|Passage below taken from Raritan's Hero - The John Basilone Story|
After the war ended, the John Basilone American Legion Post decided to build a memorial to honor
John Basilone. At first, there was talk of naming a library after John. Soon it was agreed that a statue would be a useful and lasting tribute. A committee was set up to raise the money necessary. Through a nation wide appeal, the money was raised. Ed Sullivan was one of the donors. To build the statue, they chose a sculptor, Philip Orlando, who had been a boyhood friend of Johnís. Philip had lived years before at the corner of Somerset and Coddington Street in Raritan. He had attended Somerville High School. Philip Orlando was a very dedicated artist, studying art at The Leonardo Da Vinci Art School in New York. To build the statue, Philip rented a studio above a bank at 110 East Front Street in Plainfield. He moved in there with his wife Novella and his kids ó spending months completing it. His son and daughter played in a sand box next to where he worked. Philip Orlando understood what it was like to be a soldier, as he served in World War II as a Sergeant. He saw the horrors of combat up close himself, earning a Bronze Star while serving in France, Belgium, and Germany.
It was decided that the statue would be life size, mounted on a four foot granite pedestal. To get started, Philip Orlando built two smaller models, first 17 inches and then 34 inches. Orlando used photographs and his own recollections of John to design it. The statue is representative of John Basilone at Guadalcanal on the night he earned The Congressional Medal of Honor. John is stripped to the waist and he is holding the Browning machine gun that he used that night. Over his shoulder is a cartridge belt of ammunition, just like the ones he had carried through the jungle in the darkness while braving enemy fire. Around his neck is a crucifix and his ďdog tagsĒ. Johnís parents came to the studio to see the work in progress, and gave it their endorsement.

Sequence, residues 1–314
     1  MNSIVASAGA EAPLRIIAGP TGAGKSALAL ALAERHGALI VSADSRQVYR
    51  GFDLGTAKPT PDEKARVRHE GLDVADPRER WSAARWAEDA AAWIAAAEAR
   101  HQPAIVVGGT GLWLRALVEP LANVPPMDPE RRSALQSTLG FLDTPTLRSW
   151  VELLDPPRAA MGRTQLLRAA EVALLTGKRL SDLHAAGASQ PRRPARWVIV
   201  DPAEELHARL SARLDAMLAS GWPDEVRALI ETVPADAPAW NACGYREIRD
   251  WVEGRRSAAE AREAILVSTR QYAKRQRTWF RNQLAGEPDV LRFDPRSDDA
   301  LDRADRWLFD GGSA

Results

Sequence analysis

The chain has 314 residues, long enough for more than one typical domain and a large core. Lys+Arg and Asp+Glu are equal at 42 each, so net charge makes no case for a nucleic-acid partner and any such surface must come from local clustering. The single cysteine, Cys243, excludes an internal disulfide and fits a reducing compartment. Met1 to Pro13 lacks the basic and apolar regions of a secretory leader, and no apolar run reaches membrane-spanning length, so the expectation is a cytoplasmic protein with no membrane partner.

Initially, the location for the statue was going to be across the street from his parentís house on First Avenue. But the final location settled on was the corner of Somerset Street and Canal Street. Upon the completion of the statue, the town scheduled a grand ceremony. On June 6th, 1948, there was a large parade through town. The estimated attendance was 15,000. After the parade, the attendees gathered around the covered statue. To start the program, the Camp Kilmer band played The National Anthem. Then, the Basilone Statue was unveiled by Johnís mother Dora as the band played The Marines Hymn. Johnís brother George, also a Marine, stood with his mother as an honor guard. Father Amedeo Russo then blessed the statue. The St. Annís choir sung Ava Maria. Then Catherine Mastice sang Manila John, just as she had done before on John Basilone Day on September 19th, 1943.
Mayor Rocky Miele spoke at the ceremony, he said ď John Basilone, our boyhood chum, stands before us immortal. He died to make democracy live and to keep us free. Let him be the inspiration for our efforts, for the preservation of peace.Ē Names of the other men from Raritan who died during the war were read as well. The statue has stood in the same location for over 55 years, serving as a lasting tribute to a great American hero.